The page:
"Most courts consider it consistent with the intent of Congress to interpret the Act liberally, and therefore, coverage under Title VII is very broad".[43] This allows victims of workplace harassment primarily use Title VII to assert their legal actions.[43] In addition, the Equal Employment Opportunity Commission (EEOC), a governmental committee that prohibits discrimination in workplace, administers the practices and violations of Title VII.[43] It issued and amended the "Guidelines on Discrimination of Sex", a more specified interpretation of Title VII.[43]

Court cases[edit]

Meritor Savings Bank vs. Vinson[edit]

While an employee with Meritor Savings Bank, Mechelle Vinson claimed that she had been sexually harassed and raped by the vice president of the bank, Sidney Taylor, for four years starting her first day of employment.[44] However, she did not address to Taylor or higher authority, because she was afraid of dismissal.[44] Meritor Savings Bank vs. Vinson case ruled that hostile environment is considered a violation of Title VII.[44] This decision "legitimized this area of the law for complainants and, for the first time, put employers on notice that unwelcome sexual conduct will not be tolerated in the workplace."[44] This court case also added that violation of Title VII does not have to be "tangible" and "economic".[44]

Robinson v. Jacksonville Shipyards, Inc.[edit]
Shipyard in Jacksonville

Robinson, as one of the few female employees at the Jacksonville Shipyard, filed a sexual harassment report against Jacksonville Shipyard.[45] She attested that all of the pornographic images and remarks objectified her.[45] This case received high media attention, as the ACLU of Florida and ACLU of Women's Rights Project defended different parties.[45] ACLU of Florida primarily held the free speech principles, while in contrast, ACLU Women's Rights Project addressed the equality principle.[45] They openly disagreed and showed "disagreement among civil libertarians on how to apply free speech- and equality principles to the facts at issue in a workplace sexual harassment case."[45] The District Court upheld the ACLU Women's Rights Project's side, as "The District Court did not undertake the proper inquiry in determining liability.[45] Instead, the District Court proceeded from the erroneous assumption that expression can constitute harassment merely because an employee finds it offensive."[45]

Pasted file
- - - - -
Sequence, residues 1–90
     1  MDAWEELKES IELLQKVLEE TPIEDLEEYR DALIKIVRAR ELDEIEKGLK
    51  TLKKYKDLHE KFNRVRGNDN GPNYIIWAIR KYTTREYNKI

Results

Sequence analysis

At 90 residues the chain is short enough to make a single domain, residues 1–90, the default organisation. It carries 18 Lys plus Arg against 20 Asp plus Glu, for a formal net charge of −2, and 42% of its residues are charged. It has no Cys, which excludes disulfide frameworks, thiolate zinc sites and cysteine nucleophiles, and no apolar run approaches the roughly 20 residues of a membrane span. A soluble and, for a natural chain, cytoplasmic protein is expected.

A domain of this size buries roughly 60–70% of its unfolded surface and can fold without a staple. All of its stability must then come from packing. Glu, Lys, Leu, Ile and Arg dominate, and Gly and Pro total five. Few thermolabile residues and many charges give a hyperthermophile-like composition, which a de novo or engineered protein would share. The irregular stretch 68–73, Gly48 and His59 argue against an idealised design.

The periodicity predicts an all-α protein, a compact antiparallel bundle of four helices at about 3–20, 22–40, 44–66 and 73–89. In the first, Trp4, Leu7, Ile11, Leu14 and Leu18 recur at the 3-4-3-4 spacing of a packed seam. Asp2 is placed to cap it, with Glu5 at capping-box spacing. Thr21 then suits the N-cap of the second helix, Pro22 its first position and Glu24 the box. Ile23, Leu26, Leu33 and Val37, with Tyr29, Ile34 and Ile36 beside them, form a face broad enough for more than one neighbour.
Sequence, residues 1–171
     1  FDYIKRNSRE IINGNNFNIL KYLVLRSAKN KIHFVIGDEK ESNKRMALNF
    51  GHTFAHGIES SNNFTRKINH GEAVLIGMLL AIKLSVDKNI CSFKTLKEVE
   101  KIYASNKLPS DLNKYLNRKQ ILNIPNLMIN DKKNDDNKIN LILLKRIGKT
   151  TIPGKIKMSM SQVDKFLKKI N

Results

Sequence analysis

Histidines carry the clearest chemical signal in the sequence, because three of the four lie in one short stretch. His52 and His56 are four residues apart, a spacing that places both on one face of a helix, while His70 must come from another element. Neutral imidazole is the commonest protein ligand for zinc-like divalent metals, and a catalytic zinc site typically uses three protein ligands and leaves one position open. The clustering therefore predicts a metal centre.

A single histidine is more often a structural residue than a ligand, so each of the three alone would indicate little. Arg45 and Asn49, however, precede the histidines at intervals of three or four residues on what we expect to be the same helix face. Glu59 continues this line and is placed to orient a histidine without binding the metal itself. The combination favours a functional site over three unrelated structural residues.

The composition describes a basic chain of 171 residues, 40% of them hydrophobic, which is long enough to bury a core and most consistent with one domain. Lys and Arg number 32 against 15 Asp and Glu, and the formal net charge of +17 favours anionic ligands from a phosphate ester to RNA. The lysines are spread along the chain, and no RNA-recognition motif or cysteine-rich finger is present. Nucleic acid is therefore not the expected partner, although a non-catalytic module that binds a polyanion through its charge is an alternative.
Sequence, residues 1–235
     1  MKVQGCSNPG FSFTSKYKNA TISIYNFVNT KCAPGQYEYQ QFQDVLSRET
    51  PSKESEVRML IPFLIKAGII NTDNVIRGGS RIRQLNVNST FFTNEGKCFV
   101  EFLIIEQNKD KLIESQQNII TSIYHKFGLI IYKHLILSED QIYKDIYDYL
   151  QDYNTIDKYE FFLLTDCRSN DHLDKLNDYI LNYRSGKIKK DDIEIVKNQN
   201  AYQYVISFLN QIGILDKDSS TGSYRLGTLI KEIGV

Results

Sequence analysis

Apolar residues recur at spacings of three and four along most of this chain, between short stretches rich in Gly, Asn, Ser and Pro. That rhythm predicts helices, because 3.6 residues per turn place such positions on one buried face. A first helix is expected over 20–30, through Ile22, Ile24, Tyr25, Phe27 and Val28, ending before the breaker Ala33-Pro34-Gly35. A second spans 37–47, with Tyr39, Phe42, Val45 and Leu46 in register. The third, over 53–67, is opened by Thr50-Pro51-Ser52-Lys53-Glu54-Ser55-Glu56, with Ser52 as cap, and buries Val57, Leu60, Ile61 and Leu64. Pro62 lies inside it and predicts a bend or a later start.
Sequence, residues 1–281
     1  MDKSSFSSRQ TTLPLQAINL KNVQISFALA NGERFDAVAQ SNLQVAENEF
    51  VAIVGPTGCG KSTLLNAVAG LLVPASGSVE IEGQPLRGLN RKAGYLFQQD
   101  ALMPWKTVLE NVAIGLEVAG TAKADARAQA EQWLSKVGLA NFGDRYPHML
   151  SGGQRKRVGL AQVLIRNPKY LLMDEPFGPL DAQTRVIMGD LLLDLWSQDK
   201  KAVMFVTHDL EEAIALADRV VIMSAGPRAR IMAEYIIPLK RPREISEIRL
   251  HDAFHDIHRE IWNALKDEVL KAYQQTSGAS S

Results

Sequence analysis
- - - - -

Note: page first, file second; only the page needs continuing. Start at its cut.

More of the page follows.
By industry[edit]

A 2020 survey found that 43% of academic researchers were harassed or bullied at work.[46] Many respondents claimed that their work environment hindered research.

In Singapore[edit]

In an informal survey among 50 employees in Singapore, 82% said they had experienced toxicity from their direct superior or colleagues in their careers, with some 33.3% experiencing it on a daily basis. Some of the other reports was failing to agree with the boss was considered being a trouble maker, always having to give praise to the superior, the senior colleague has a tendency to shout at people. Many respondents reported that they had to quit because of the toxic environment. In some cases they were made to feel they were at fault, which is why they quit [47] In other surveys, it is clear that the company is aware but does nothing, such as where a Singapore economist at a US bank is involved.[48] A Kantar survey in 2019 suggested that employees in Singapore were the most likely to be made to "feel uncomfortable" by their employers, compared with those in the other countries that the company polled.[49]

See also[edit]

Further reading[edit]

  • Boland, Mary L. (2005). Sexual harassment In the workplace. SphinxLegal. ISBN 9781572485273. Preview.
  • Einarsen, Ståle; Hoel, Helge; Zapf, Dieter; Cooper, Cary (2010). Bullying and harassment in the workplace: developments in theory, research, and practice (2nd ed.). CRC Press. ISBN 9781439804902. Preview.
  • Nielsen, Morten Birkeland; Tangen, Tone; Idsoe, Thormod; Matthiesen, Stig Berge; Magerøy, Nils (March–April 2015). "Post-traumatic stress disorder as a consequence of bullying at work and at school. A literature review and meta-analysis". Aggression and Violent Behavior. 21: 17–24. doi:10.1016/j.avb.2015.01.001.